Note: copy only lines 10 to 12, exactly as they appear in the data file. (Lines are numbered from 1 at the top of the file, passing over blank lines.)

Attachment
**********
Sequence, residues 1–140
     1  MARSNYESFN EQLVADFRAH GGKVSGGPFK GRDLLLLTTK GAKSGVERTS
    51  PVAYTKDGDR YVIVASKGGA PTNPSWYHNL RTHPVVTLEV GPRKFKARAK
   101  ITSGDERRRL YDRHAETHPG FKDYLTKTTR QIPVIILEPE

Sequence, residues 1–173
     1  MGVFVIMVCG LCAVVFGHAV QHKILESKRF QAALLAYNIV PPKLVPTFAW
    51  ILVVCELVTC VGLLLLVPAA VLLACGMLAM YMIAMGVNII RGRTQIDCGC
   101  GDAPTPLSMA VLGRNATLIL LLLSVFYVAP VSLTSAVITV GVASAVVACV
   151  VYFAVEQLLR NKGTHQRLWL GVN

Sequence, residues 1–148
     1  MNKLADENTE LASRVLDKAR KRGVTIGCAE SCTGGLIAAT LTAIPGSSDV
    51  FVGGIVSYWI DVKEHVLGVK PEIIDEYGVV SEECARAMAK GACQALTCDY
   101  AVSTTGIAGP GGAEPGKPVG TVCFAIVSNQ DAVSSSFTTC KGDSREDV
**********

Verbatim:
Sequence, residues 1–148
     1  MNKLADENTE LASRVLDKAR KRGVTIGCAE SCTGGLIAAT LTAIPGSSDV
    51  FVGGIVSYWI DVKEHVLGVK PEIIDEYGVV SEECARAMAK GACQALTCDY